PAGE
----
Tech giants like Apple, Facebook and Google are no doubt going to blast the Trump administration's decision: Last week, those executives joined more than 400 other business leaders in calling on the president to preserve DACA. Apple CEO Tim Cook, who previously (and privately) pressed Trump on the issue, said on Sunday that 250 of his "co-workers" would be affected by the change. Microsoft indicated that about 27 workers spanning fields like finance and sales would be hurt from Trump's move. Zuckerberg said, "This is a sad day for our country. The decision to end DACA is not just wrong. It is particularly cruel to offer young people the American Dream, encourage them to come out of the shadows and trust our government, and then punish them for it."
"To the extent that the President's management of his Twitter account constitutes state action, it is unquestionably action that lies within his discretion as Chief Executive; it is therefore outside the scope of judicial enforcement," Baer wrote. (PDF) Baer added that an order telling Trump how to manage his Twitter feed "would raise profound separation-of-powers concerns by intruding directly into the president's chosen means of communicating to millions of Americans."
The FCC found during George W. Bush's presidency that fast Internet service was being deployed in a reasonable and timely fashion. But during the Obama administration, the FCC determined repeatedly that broadband isn't reaching Americans fast enough, pointing in particular to lagging deployment in rural areas. These analyses did not consider mobile broadband to be a full replacement for a home (or "fixed") Internet connection via cable, fiber, or some other technology. Last year, the FCC updated its analysis with a conclusion that Americans need home and mobile access. Because home Internet connections and smartphones have different capabilities and limitations, Americans should have access to both instead of just one or the other, the FCC concluded under then-Chairman Tom Wheeler. The report goes on to add that with Republican Ajit Pai as chairman of the FCC, "the FCC seems poised to change that policy by declaring that mobile broadband with speeds of 10Mbps downstream and 1Mbps upstream is all one needs." Furthermore, "In doing so, the FCC could conclude that broadband is already being deployed to all Americans in a reasonable and timely fashion, and thus the organization would take fewer steps to promote deployment and competition."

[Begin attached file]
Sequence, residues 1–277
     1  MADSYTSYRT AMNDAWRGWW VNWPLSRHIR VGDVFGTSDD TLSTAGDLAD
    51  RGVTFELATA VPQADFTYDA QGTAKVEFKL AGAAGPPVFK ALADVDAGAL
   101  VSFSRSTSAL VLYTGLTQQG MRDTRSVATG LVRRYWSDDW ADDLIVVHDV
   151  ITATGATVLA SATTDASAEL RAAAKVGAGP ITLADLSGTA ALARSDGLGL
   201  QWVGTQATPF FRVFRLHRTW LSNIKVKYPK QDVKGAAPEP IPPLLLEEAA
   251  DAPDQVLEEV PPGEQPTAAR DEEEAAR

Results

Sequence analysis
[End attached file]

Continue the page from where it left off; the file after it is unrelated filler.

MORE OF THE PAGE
How does the prevalence of public corruption touch election security? Exactly in the way you might think. "You don't know at any given time if the people handling your votes are honest or not," Harris said. "But you shouldn't have to guess. There should be a way to check." And in the decentralized, poorly monitored U.S. elections system, there often isn't. At the root of our current problem isn't (just) vulnerable equipment, it's also a shoddy "chain of custody" around votes, says Eric Hodge, the director of consulting at Cyber Scout, which is working with the Board of Elections in Kentucky and in other states to help secure elections systems. That includes where and how votes are collected, how they are moved and tabulated and then how they are handled after the fact, should citizens or officials want to review the results of an election. That lack of transparency leaves the election system vulnerable to manipulation and fraud, Harris and Hodge argue.
"The law directs the FCC to look at ISP services as distinct from those services that ride over the networks. The FCC's proposal contravenes our intent... While some may argue that this distinction should be abandoned because of changes in today's market, that choice is not the FCC's to make. The decision remains squarely with those of us in Congress -- and we have repeatedly chosen to leave the law as it is."
In another letter Thursday, 15 Congressmen asked FCC Chairman Ajit Pai to extend the time period for comments. They note the proposed changes have received more than 16 million comments, more than four times the number of comments on any previous FCC item. The Hill reports that the previous record was 4 million comments -- during the FCC's last net neutrality proceeding in 2014 -- and "the lawmakers also noted that the comment period for approving net neutrality in 2014 was 60 days. Pai has only allowed a 30-day comment period for his plan to rollback the rules."
Dean Garfield, President and CEO of the council said, "This is not the right proposal to fix our immigration system because it does not address the challenges tech companies face, injects more bureaucratic dysfunction, and removes employers as the best judge of the employee merits they need to succeed and grow the U.S. economy." Garfield argues that the tech industry cannot find enough STEM-skilled Americans to fill open positions and that U.S. immigration policy "stops us from keeping the best and brightest innovators here in the U.S. and instead we lose out to our overseas competitors."
Carr served as Pai's Wireless, Public Safety and International Legal Advisor for three years. After President Trump elevated Pai to the chairmanship in January, Pai appointed Carr to become the FCC's general counsel. Rosenworcel had to leave the commission at the end of last year when the Republican-led US Senate refused to re-confirm her for a second five-year term. But Democrats pushed Trump to re-nominate Rosenworcel to fill the empty Democratic spot and he obliged. FCC commissioners are nominated by the president and confirmed by the Senate. esides Pai, Carr, and Rosenworcel, the five-member commission includes Republican Michael O'Rielly and Democrat Mignon Clyburn.